0

Previously, I did a simple web application for an enterprise client using PHP and MySQL.

After some time, it has grown to a point where I realized after talking with people here that I need to treat it as two separate apps OLTP and OLAP.

I have tentatively decided that

  1. the OLTP will still continue to run using the current PHP codebase and MySQL
  2. the OLAP will use PostgreSQL
  3. both should appear as a single app to the end user. This is to avoid inconsistencies and too many logins.
  4. the OLAP should help with sending out scheduled reports via email

I want to avoid a "big bang" approach. At the same time, I don't want to do the OLAP as an isolated app.

I want to slowly evolve to the point where transaction processing and the analytic processing functions are modular and consistent.

How do I approach this and bearing in mind, I currently have only 1 physical server that acts as both database and application server at the moment?

I am most familiar with PHP and am okay to use Python.

The physical server is running ubuntu 14.04 and nginx as web server.

The normalized MySQL currently is at 20mb and growing at a rate of 1 mb every month or so.

EDIT

My server shows 8 when I run grep -c processor /proc/cpuinfo

Each processor (I think?) shows the following stats:

vendor_id   : GenuineIntel
cpu family  : 6
model       : 44
model name  : Intel(R) Xeon(R) CPU           L5630  @ 2.13GHz
stepping    : 2
microcode   : 0x13
cpu MHz     : 1600.000
cache size  : 12288 KB

When I type free -m

             total       used       free     shared    buffers     cached
Mem:          7972       3052       4920         46        226       2039
-/+ buffers/cache:        785       7186
Swap:            0          0          0

When I ssh in

System load:  0.28                Processes:          229
  Usage of /:   13.9% of 126.32GB   Users logged in:    1
  Memory usage: 10%                 
  Swap usage:   0%
  • 2
    Using two different databases is a huge complexity leap. Your database is "tiny", why do you want a second db engine (of a different type too)? – Mat Feb 2 '15 at 7:07
  • MySQL database is for the current transaction processing. The new PostgreSQL for the Analytic Processing as highlighted by my previous question in dba.stackexchange.com/a/90765/56827 – Kim Stacks Feb 2 '15 at 9:04
  • 1
    I understand that, and the answers given - but you need to take into account the size of your database, the time you have to implement this (=> cost) and maintain it. If you were starting from scratch with an "Enterprise" target in mind (terabytes of data), then the added complexity of two separate (and possibly very different) tools for OLTP vs OLAP make sense. But for a small-ish (alsways hard to define) setup, the added complexity is an enormous overhead. (Switching everything to a single Postgres database if you can't do it with MySQL would make more sense to me. That's a big "if".) – Mat Feb 2 '15 at 9:15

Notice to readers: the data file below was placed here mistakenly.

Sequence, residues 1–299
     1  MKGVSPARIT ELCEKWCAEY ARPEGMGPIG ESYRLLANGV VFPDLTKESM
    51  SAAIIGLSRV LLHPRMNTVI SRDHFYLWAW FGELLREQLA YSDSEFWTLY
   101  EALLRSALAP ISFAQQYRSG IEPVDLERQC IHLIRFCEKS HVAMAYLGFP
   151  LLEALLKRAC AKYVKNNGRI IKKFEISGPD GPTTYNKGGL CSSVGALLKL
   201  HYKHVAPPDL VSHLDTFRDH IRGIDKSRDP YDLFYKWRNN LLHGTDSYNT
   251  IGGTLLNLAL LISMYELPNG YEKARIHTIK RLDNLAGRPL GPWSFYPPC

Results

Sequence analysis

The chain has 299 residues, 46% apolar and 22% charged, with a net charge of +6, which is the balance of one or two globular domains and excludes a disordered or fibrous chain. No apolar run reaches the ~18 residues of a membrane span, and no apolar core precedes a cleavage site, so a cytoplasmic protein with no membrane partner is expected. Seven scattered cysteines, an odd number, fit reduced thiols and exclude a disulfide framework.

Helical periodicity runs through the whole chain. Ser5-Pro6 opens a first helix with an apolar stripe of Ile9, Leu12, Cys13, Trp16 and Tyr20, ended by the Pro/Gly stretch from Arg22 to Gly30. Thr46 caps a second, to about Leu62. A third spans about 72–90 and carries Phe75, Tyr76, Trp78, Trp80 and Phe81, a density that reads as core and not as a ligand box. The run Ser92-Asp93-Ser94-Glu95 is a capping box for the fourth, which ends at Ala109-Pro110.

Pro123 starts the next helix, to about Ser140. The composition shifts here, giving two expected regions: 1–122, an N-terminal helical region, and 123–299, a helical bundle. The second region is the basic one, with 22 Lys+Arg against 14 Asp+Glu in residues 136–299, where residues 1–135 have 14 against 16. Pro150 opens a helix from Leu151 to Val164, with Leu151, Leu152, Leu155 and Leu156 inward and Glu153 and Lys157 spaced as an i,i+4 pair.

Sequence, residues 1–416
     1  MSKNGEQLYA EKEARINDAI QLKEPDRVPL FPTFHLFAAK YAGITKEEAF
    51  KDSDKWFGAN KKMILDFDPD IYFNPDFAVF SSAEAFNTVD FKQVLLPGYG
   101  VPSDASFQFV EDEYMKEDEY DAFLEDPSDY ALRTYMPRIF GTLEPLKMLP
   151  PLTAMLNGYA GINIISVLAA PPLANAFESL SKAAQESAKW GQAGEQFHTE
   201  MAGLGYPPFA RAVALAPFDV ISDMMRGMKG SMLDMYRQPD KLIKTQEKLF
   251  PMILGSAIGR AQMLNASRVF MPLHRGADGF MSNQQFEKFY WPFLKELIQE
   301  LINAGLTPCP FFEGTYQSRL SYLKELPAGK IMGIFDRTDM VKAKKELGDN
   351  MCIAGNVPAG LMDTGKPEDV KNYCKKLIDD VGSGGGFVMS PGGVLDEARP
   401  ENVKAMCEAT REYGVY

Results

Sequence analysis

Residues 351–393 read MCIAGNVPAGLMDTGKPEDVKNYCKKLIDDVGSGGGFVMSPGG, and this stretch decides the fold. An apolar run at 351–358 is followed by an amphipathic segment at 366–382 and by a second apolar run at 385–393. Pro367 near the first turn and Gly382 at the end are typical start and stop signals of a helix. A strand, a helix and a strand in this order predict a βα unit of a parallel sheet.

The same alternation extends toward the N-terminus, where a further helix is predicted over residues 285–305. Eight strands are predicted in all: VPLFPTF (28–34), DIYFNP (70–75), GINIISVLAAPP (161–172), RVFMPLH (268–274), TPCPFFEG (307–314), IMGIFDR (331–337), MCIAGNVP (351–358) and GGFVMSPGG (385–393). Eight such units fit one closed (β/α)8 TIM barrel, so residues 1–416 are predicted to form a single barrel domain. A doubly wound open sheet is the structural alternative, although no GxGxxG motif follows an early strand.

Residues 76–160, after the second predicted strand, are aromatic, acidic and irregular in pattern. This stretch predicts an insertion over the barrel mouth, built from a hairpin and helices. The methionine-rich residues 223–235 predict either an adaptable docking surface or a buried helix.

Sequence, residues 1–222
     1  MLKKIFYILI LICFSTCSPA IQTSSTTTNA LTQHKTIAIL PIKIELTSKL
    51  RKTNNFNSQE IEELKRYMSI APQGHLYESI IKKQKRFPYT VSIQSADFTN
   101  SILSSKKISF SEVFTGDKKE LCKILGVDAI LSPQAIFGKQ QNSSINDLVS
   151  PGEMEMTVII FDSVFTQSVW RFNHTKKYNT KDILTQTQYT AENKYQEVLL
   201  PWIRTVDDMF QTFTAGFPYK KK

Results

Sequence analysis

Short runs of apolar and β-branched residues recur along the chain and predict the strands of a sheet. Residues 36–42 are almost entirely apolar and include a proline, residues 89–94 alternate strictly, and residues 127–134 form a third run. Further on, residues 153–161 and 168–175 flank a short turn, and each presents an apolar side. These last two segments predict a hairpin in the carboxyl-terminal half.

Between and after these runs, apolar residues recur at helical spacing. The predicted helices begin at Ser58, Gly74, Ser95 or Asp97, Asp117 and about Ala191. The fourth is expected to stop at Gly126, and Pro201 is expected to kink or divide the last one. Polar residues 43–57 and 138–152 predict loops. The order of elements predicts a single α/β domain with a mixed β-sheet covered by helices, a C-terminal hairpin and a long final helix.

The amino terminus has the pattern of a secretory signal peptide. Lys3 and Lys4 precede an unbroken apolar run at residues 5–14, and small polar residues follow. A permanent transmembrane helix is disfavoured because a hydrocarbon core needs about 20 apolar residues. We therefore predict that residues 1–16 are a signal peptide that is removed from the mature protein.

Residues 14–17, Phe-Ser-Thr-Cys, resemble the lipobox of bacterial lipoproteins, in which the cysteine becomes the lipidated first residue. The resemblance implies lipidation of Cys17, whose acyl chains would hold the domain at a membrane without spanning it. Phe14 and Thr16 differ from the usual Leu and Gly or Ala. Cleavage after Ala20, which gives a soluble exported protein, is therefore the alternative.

• I appreciate an alternate viewpoint. Suppose I do both OTLP and OLAP functions from the same database as you suggest, how would you recommend I add more OLAP functions assuming I prefer PHP? – Kim Stacks Feb 2 '15 at 13:23
  • I'd be rather surprised if it wasn't easier to either (a) do your OLAP work in MySQL too, or (b) port the whole lot to PostgreSQL. Porting across DBs is generally pretty simple for small apps... and of course you have good regression test suite coverage already, right? – Craig Ringer Feb 2 '15 at 13:40
1

OK - I'm going to slightly revise my advice in the previous thread.

If you have only 1 physical server, you're always going to have problems with OLTP conflicting with OLAP - i.e. disk bottleneck. It would be far easier to use PostgreSQL as the server for both than the other way round - see my previous comments on the richer PostgreSQL SQL functionality.

We also don't know what sort of activity your app has, nor do we know your CPU, RAM and disk config (RAID?).

In the light of what you have written above, my advice is to use PostgreSQL for both - maybe two separate schemas on the same instance of PostgreSQL - or possibly two instances of PostgreSQL on the same machine. This is more or less what @Mat and @CraigRinger said. The logic behind separating the schemas is that when and if you get a second server (which you should), parititioning the functionality between the two machines will be trivial.

If most of the functionality of your app to date is of a CRUD nature, then porting it to PostgreSQL should be relatively painless, but, again, YMMV.

  • Disk bottlenecks? With a 20MB database? Even a low-end server nowadays can have 50 databases like this cached entirely in RAM. – Daniel Vérité Feb 3 '15 at 1:37
  • I should have prefaced my comment by saying that (as you point out) it would not apply to a "tiny" database, but is more of a general principle. Point taken. – Vérace Feb 3 '15 at 1:55
  • Thank you. I have added in the server stats in the question. Would that help? – Kim Stacks Feb 3 '15 at 6:11
  • What about the outputs of vmstat and iostat during a period of average usage? At first glance, it appears that your system is under a light load, at least CPU wise - need other data for RAM and I/O. – Vérace Feb 3 '15 at 6:23
  • How do I measure vmstat and iostat during a period of average usage and what other data do you need for RAM and I/O? – Kim Stacks Feb 5 '15 at 0:05

Your Answer

By clicking “Post Your Answer”, you agree to our terms of service, privacy policy and cookie policy

Not the answer you're looking for? Browse other questions tagged or ask your own question.